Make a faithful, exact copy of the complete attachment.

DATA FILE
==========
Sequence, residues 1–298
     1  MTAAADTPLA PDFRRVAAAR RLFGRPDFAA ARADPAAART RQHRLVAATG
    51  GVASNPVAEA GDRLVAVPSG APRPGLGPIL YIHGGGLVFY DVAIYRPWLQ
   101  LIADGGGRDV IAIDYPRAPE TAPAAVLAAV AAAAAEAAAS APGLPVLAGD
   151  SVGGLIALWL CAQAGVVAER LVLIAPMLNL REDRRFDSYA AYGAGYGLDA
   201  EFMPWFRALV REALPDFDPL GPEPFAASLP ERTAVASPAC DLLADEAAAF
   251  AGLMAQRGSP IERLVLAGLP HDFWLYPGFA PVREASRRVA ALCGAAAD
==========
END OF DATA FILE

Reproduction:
Sequence, residues 1–298
     1  MTAAADTPLA PDFRRVAAAR RLFGRPDFAA ARADPAAART RQHRLVAATG
    51  GVASNPVAEA GDRLVAVPSG APRPGLGPIL YIHGGGLVFY DVAIYRPWLQ
   101  LIADGGGRDV IAIDYPRAPE TAPAAVLAAV AAAAAEAAAS APGLPVLAGD
   151  SVGGLIALWL CAQAGVVAER LVLIAPMLNL REDRRFDSYA AYGAGYGLDA
   201  EFMPWFRALV REALPDFDPL GPEPFAASLP ERTAVASPAC DLLADEAAAF
   251  AGLMAQRGSP IERLVLAGLP HDFWLYPGFA PVREASRRVA ALCGAAAD